All posts from: November 2010
It’s been a rough few weeks for social researchers in the aftermath of the Spending Review and as the reality of austerity sinks in. But here’s something to smile about: Prime Minister David Cameron wants to commission a new ongoing survey of how happy people are.
The Guardian had the scoop on this, reporting yesterday how the government is set to ask national statistician Jil Matheson to devise questions for gauging “general wellbeing” – a measure Cameron first spoke of on becoming Conservative Party leader in 2005.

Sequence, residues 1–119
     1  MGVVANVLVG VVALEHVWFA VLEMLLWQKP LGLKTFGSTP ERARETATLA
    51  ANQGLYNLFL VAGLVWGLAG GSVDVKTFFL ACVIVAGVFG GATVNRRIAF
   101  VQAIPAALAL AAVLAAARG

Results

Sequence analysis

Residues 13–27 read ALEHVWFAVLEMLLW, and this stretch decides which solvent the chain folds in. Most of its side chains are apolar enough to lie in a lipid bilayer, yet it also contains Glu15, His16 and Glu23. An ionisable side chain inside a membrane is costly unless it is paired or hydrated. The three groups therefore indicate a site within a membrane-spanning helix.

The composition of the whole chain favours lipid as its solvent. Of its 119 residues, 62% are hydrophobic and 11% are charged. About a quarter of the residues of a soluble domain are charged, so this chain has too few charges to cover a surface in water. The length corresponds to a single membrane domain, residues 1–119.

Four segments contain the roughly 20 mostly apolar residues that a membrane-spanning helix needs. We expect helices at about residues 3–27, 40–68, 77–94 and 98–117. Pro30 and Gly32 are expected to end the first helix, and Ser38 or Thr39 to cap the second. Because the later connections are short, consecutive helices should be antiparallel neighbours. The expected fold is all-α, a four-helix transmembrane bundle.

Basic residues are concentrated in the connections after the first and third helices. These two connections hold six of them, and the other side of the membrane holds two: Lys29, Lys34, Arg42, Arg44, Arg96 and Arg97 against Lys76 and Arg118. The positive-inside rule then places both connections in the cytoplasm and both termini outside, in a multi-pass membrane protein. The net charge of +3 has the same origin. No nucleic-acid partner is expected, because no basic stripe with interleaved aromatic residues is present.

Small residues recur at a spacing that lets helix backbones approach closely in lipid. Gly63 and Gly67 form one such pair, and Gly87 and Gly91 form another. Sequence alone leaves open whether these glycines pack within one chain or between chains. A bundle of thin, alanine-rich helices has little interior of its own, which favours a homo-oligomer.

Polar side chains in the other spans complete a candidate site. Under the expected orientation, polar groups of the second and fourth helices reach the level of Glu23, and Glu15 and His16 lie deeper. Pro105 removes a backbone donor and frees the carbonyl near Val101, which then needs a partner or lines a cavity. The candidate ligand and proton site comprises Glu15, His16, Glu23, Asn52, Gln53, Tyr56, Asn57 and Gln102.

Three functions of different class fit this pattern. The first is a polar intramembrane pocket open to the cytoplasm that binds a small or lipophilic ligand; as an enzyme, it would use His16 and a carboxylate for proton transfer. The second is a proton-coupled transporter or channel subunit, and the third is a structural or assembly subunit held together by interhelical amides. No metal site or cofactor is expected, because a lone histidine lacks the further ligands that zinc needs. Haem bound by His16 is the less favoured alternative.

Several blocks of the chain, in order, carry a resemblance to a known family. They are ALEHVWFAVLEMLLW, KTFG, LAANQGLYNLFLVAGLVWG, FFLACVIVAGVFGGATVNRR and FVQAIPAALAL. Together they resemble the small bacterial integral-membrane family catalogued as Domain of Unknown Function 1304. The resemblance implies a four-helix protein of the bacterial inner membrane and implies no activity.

As reported by the BBC, he said: “It’s time we admitted that there’s more to life than money, and it’s time we focused not just on GDP but on GWB – general wellbeing.”
France and Canada are considering their own measures of quality of life, but credit for the idea goes to the former King of Bhutan, who coined the term Gross National Happiness (GNH) in 1972.
Details of how the UK will measure GNH or its equivalent will have to wait until after Matheson receives the official request from Downing Street on 25 November.
There’s talk of having the questions ready to add to the Office of National Statistics’ existing General Household Survey as early as spring – though some in government are said to be questioning the wisdom of measuring happiness amid major cuts to public spending, services and benefits.